by Guest Contributor Tami, originally published at What Tami Said
[Maybe there are spoilers in this review. I don’t think so. Frankly, I think there is nothing I could possibly do to make the shitfest that is Sex and the City 2 worse.]
Allow me to save you $8. Here is the plot of Sex and the City 2: Four privileged white women take a break from relentlessly moaning about their privileged lives to go on an Orientalist fantasy excursion to Abu Dhabi, where they are each assigned a brown servant to wait on them as they maraud through the country, dressed like assholes, exoticizing people, mocking culture, flouting religious custom, rubbing yams on their bodies and, on occasion, because they are our heroines, “saving” the natives with their American liberation and largess.
SATC was always only about a certain type of woman, despite media attempts to make Carrie, Samantha, Miranda and Charlotte into everywomen. The series presented a fictionalized view of white, wealthy, female Manhattanites. But the friendships between the protagonists felt universal. And as cartoonish as the individual characters could be, I saw pieces of them in the women around me, if not in myself. When the show first debuted, I was single in the city myself:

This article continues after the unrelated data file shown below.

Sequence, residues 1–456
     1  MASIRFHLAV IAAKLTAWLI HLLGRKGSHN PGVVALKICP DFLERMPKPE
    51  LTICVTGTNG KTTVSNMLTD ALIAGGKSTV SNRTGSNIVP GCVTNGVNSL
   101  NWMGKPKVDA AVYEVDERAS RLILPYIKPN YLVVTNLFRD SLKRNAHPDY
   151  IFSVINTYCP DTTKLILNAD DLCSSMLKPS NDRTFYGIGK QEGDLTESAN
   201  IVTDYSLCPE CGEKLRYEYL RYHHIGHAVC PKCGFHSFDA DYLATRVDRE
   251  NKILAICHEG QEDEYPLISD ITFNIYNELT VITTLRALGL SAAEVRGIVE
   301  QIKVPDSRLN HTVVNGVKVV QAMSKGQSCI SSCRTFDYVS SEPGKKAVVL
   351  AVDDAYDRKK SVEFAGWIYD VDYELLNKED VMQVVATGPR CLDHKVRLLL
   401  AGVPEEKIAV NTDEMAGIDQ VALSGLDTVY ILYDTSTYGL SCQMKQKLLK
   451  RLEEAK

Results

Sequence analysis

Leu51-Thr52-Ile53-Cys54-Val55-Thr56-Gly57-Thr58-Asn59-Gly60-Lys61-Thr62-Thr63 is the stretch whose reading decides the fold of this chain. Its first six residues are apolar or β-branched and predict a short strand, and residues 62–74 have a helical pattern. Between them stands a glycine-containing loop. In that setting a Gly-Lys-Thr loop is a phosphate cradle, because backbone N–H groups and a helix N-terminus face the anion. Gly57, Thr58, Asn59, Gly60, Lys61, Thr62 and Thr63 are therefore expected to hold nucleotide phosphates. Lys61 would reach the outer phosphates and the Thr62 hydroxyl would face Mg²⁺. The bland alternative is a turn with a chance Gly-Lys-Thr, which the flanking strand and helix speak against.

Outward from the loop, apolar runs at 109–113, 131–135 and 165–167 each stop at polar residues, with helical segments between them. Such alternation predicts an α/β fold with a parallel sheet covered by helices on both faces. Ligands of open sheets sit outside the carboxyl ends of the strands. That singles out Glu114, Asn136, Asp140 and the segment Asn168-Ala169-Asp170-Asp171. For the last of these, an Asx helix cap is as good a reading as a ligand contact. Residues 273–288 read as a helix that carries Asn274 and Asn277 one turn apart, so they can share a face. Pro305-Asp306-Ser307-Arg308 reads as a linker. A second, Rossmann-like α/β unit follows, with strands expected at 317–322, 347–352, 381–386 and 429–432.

When “Sex” debuted in 1998, I was single and 20-something in a big city and it was fun to watch single, carefree women, who lived in a bigger city with bigger apartments, cooler jobs, more money, better shoes and more sex with hotter guys. It was fun fantasy. Read more…
I got older. And so have the characters in SATC, but it occurs to me that the franchise’s male creators aren’t quite sure what to do with women over 40. And so they have taken four flawed but generally likable women and made them repugnant. Read the Post What Tami Said can save you $8: My review of “Sex and the City 2”